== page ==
What Is a Subscription Right?
A subscription right is the right of existing shareholders in a company to retain an equal percentage ownership by subscribing to new stock issuances at or below market prices. The subscription right is usually enforced by the use of rights offerings, which allow shareholders to exchange rights for shares of common stock at a price generally below what the stock is currently trading for.
Subscription rights are also known as the “subscription privilege,” “preemptive right,” or “anti-dilution right” of the shareholder. A subscription rights issue increases the number of shares in the market, thus leading to a dilution in each share’s value.
- Subscription rights allow a company’s shareholders to retain an equal percentage of ownership when a company issues a secondary offering of its stock.
- A subscription right allows existing shareholders in a company to purchase shares of the secondary offering—usually at a discounted price—before shares are offered to investors in the broader market.
- If shareholders do not exercise their subscription rights during the specified time frame, their ownership will be diluted.
How Subscription Rights Work
Subscription rights are not necessarily guaranteed by all companies, but most have some form of dilution protection in their charters. If granted this privilege, shareholders may purchase additional shares on a pro-rata basis before they are offered to the secondary markets. This form of dilution protection is usually good for up to 30 days before a company seeks new investors in the broader market.
If shareholders do not exercise their subscription rights, their ownership will be diluted. Most subscription rights are not transferable unless allowed by the issuer. If they are transferable, they can be traded on an exchange. Also, oversubscription privileges are offered in some cases whereby shareholders who have fully exercised their rights can subscribe to additional shares, again on a pro-rata basis.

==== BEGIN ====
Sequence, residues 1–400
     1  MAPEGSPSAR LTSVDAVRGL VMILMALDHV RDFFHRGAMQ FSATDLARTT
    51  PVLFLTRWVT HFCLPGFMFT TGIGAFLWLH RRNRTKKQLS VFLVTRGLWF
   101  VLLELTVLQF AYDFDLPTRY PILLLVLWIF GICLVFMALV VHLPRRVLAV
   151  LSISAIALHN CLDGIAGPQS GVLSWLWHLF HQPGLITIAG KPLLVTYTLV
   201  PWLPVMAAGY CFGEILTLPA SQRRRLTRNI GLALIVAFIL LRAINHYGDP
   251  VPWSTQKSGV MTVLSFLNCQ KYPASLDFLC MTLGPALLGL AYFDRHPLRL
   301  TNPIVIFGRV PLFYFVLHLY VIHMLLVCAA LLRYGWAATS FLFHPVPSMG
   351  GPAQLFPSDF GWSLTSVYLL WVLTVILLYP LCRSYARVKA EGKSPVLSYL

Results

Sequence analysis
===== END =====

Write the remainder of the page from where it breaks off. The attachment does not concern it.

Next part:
If at least 20% of the shares outstanding are offered at a discount, the Securities and Exchange Commission (SEC) does not require that the shareholders formally approve the subscription rights offering. Investors receive notification of their subscription right by mail (from the company itself) or through their brokers or custodians.
Criticism of Subscription Rights
While the issuing of subscription rights may represent an opportunity for existing shareholders to buy more shares at a discounted price, there are some disadvantages to subscription rights. The main disadvantage is that shares become diluted when a company raises capital by making a secondary offering. Unless the shareholder exercises their subscription rights and purchases additional shares, their ownership will be diluted.
Also, the announcement of the secondary offering often leads to a decline in share price as some investors respond to the news by selling off the stock. The prospect of a share dilution will generally be negative to a stock price and to the original investors’ sentiment.
There are several warning signs investors should be aware of that might indicate a company is considering rolling out a secondary offering. For example, if a company is having difficulty raising money to cover expenses or fund large projects, management might decide to issue new stock to cover the emerging capital and debt needs. Investors need to watch for the signs of potential share dilution and understand how this might impact their investments.
The dangers of share dilution can also occur when a company issues stock options to employees or board members. Additionally, share dilution can occur as part of a dilutive acquisition when a company needs to issue additional shares in order to pay for the purchase of another company.
Example of a Subscription Right
Subscription rights offerings can be structured in a number of ways. On Dec. 22, 2017, Schmitt Industries completed an offering in which 998,636 common shares were issued. The company issued one right for each common share, and holders of the rights were entitled to purchase common shares by exchanging three rights and $2.50 for each share desired. The offering was oversubscribed, and available oversubscription shares were allocated pro-rata among those who fully exercised their rights in the original offering.